Every marketing decision your small business makes should fulfill your big picture goal. However, that ultimate goal of converting more leads or increasing in-store foot traffic can’t be fulfilled without attention to the smaller details like idea presentation. This week’s Friday Favorites is all about looking at the small and large aspects of a successful marketing campaign.
Audrey’s Favorite Blog
What not to do when writing a blog.
Last week, I was doing some social media management for a client in the construction industry. Someone else had posted a link to a blog about how to select the right contractor. I thought, “oh good, maybe I can share that link too!” So I clicked on the link and was taken to this page. After reading the headline, I immediately scrolled down the page, saw nothing that caught my eye, and closed out of the window. I have no idea if that article actually provided valuable information, but because of the way it was formatted there was no way I was going to read it.
The main takeaway here? Don’t ever post a blog that is literally a straight page of text. An easy way to fix this is by including sub-headers, bullet points and images. Break up the text so a reader can see a preview of the information before they commit to reading it. Nobody wants to waste time, so having a preview in the headers is a good way to hook a reader and convince them that the blog is worth their time.
Miles’ Favorite Video
Simon Sinek presents some fantastic ideas about the way we sell and market to consumers. This TED talk upends the traditional marketing process. Simon refers to it as “The Golden Circle.” Instead of focusing on solely the product itself, he proposes that you sell and market by answering these questions, in this order:
- Why does your business exist?
- How do you carry out that idea?
- What does the marriage of your extraordinary idea and execution of that idea produce?
In addition, he delves into how consumers make purchasing decisions and identifies key population demographics your business will attract if using his method. I’ve found it incredibly useful not only at work but in my personal life as well.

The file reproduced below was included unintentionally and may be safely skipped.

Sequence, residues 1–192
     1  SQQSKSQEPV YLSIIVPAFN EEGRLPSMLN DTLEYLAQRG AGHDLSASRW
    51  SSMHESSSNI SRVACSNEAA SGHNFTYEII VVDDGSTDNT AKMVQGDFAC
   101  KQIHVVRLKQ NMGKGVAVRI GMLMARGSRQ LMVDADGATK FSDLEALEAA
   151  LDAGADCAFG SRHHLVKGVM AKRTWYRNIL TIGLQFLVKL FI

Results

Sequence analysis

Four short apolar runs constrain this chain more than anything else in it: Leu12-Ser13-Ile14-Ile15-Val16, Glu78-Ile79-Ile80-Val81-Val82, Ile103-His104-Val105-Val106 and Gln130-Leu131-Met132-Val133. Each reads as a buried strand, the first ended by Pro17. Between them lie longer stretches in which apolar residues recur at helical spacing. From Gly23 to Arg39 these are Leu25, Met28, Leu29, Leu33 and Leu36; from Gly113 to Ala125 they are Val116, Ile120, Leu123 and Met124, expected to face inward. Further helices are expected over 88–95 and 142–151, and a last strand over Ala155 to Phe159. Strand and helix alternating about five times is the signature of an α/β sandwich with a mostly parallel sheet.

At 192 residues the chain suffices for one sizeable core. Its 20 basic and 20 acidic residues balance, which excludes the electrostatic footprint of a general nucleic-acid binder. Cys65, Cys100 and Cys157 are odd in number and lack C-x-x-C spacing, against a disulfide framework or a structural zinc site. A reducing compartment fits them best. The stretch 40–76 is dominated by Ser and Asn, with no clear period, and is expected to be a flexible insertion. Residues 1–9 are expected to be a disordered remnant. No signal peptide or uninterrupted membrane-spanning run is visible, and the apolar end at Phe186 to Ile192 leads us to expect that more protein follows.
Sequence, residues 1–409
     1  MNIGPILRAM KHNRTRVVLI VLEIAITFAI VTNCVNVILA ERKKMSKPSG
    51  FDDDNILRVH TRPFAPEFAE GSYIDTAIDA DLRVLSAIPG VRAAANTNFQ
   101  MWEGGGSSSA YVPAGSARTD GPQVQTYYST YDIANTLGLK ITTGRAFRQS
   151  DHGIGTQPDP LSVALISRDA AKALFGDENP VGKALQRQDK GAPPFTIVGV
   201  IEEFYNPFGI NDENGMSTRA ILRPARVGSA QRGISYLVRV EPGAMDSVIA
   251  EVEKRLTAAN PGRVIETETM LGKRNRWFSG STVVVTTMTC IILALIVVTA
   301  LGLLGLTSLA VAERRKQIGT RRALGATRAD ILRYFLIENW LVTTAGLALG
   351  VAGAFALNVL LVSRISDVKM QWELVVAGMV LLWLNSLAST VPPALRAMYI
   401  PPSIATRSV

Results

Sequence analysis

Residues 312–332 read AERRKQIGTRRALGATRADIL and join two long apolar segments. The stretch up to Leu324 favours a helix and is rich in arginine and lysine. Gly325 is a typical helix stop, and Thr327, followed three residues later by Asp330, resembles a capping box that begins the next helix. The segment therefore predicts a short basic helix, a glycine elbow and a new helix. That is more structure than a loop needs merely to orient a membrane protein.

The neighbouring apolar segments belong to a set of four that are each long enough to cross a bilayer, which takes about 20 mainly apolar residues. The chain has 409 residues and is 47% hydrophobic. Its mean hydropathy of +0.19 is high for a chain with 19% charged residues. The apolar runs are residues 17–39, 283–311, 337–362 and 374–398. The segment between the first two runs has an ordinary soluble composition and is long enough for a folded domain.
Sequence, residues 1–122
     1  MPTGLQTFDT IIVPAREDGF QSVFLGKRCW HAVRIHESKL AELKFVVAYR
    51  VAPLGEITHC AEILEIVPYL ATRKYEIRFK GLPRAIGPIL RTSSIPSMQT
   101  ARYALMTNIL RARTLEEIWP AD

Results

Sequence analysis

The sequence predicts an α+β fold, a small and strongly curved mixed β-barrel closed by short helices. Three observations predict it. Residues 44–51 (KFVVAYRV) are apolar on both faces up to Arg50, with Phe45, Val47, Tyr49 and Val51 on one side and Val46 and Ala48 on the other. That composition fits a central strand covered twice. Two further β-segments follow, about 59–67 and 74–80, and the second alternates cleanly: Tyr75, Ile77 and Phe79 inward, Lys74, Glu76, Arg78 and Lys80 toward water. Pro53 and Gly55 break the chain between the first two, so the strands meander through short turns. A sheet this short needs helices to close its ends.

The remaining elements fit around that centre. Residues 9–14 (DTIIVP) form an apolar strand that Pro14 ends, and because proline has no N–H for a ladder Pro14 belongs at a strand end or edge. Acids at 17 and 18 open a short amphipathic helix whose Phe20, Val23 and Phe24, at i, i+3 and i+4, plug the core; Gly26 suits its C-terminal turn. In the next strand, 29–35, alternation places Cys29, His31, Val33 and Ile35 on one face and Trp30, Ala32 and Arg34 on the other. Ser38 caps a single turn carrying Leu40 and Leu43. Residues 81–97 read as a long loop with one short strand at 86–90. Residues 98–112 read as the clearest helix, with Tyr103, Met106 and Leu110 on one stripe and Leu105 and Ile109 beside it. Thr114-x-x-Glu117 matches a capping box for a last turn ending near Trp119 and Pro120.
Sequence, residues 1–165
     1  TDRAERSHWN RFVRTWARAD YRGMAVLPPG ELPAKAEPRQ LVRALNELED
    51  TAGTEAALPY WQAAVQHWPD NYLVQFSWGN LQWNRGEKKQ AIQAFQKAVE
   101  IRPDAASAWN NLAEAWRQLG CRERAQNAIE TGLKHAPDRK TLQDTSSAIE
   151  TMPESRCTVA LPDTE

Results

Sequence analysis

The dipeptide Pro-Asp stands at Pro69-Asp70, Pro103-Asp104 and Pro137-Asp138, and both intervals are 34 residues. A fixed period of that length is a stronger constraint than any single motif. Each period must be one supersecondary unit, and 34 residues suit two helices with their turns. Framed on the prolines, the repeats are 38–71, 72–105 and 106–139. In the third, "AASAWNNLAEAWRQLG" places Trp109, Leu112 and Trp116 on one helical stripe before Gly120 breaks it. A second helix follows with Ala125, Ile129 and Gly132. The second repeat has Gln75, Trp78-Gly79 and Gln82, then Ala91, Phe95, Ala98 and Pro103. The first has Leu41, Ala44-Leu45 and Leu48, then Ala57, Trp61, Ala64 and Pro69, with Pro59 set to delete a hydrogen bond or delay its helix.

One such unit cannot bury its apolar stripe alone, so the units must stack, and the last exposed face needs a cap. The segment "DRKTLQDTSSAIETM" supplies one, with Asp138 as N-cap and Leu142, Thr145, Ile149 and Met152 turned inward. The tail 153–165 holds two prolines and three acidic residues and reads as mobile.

Chase’s Favorite App
About two weeks ago, Instagram announced the launch of Boomerang, an app that lets you take a burst of photos and then loop those images back and forth to create a 1-second movie. I have been using this app both in and out of the office to create fun videos for Instagram. One thing that I like about the app is that there is no sound. In fact, the “videos” are actually more like GIFs. I also like that you can use the Instagram app to add filters to your mini-videos.
I can see this being used in business whenever a picture would be taken for Instagram. Instead of taking a still picture, a Boomerang can be used to add life to the moment.
Devon’s Favorite Inspiration
Rarely do I go see a movie and find myself wishing I had a notepad with me. That’s exactly how I felt when I saw the new Aaron Sorkin and Michael Fassbender movie, Steve Jobs. Beyond being a truly amazing movie, it highlights the marketing genius mind the late Apple CEO was famous for. The movie is centered around three different product launches and features intense conversations between Jobs and his head of marketing, Joanna Hoffman (played by Kate Winslet). I always knew of Jobs’ legacy, but watching his intentions unfold on screen was extremely powerful. It reminded me to think of the tiniest details and how everything clicking together just-so can create magic. Successful marketing campaigns rely on testing and adjusting to find that magic, but keeping the ultimate vision in mind is what makes for a powerful, and lasting, campaign.